It is somewhere around 3 a.m., and something brings me to wakefulness. I rub my eyes and try to get the contact lens-less blur to form into a picture as I stare at my alarm clock. I blink and blink again and then realize the clock is blank. Our room is completely dark. The power’s off.
I groan as I reach to set my iPhone alarm so my husband doesn’t oversleep for Sunday School. Mine is already set for 45 minutes later.
I lie there, at first a little annoyed by the second late-night power outage of the week. Then I joke with Larry (who woke up from the iPhone’s glow) that it was a shame the power hadn’t gone out earlier on Saturday when we were watching our favorite college teams lose their respective football games. He chuckles and then returns to sleep.
His breathing seems unusually loud. There’s no refrigerator noise, no dim electronic hums underlying the night. In the silence and the thick darkness, I listen to his measured breathing and realize how very blessed I am.
A couple of weeks ago, I started to keep a gratitude journal, taking a few moments each morning and evening to write three things for which I am thankful. My hope is to frame each day with gratitude, expressing thanks for the abundance of blessings that can so easily be taken for granted. (Hello, Dawn! How about when the power stays on?)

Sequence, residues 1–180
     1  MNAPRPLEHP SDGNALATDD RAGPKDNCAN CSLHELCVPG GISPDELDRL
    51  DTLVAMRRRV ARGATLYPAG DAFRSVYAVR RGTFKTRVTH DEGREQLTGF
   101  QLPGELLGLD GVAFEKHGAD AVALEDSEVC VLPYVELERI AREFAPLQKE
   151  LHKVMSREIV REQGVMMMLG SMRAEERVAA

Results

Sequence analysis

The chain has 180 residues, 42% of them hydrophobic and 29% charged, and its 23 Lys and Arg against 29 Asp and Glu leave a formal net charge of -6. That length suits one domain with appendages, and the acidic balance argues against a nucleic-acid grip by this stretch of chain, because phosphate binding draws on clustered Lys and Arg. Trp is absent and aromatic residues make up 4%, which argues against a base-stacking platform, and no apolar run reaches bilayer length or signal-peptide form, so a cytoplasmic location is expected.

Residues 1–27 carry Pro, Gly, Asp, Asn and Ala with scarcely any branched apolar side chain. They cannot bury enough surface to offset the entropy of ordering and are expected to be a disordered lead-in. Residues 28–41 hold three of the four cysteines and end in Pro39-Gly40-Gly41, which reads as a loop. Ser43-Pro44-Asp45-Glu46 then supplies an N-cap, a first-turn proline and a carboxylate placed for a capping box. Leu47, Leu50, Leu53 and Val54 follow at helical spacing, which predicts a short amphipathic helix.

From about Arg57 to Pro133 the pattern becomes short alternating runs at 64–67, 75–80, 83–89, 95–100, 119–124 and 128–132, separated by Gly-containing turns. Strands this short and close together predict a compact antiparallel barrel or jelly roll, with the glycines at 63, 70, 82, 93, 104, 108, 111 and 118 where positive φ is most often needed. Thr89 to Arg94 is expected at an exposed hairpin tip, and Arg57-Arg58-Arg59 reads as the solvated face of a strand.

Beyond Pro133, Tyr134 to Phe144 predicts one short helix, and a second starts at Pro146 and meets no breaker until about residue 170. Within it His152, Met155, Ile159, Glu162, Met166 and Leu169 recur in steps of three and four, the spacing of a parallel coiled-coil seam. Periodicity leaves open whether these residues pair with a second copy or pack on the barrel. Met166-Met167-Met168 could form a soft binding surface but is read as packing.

In the stillness, I picture my hand writing in my Tardis-covered gratitude notebook…
1) I am grateful that we are safe and dry in our home. As I think this thought I am reminded of our many friends who were suffering the effects of Hurricane Joaquin. I also think of those who don’t have homes or who don’t have safe homes.
2) I am grateful for the power crews who aren’t at home, warm and snug in their beds, after the lights went out at 3 a.m. They had the power back on before morning, and I am thankful for their hard work on a sleepless night.
3) I am grateful that the power outage was temporary — that I live in a world of modern conveniences where I can use my smart phone to back up my alarm clock.
My gratitude journal is teaching me to focus on what I do have rather than any perceived lack and to think of others before thinking of myself. As I snuggled back into my pillow, the words of poet William Wordsworth lead me into my dreams.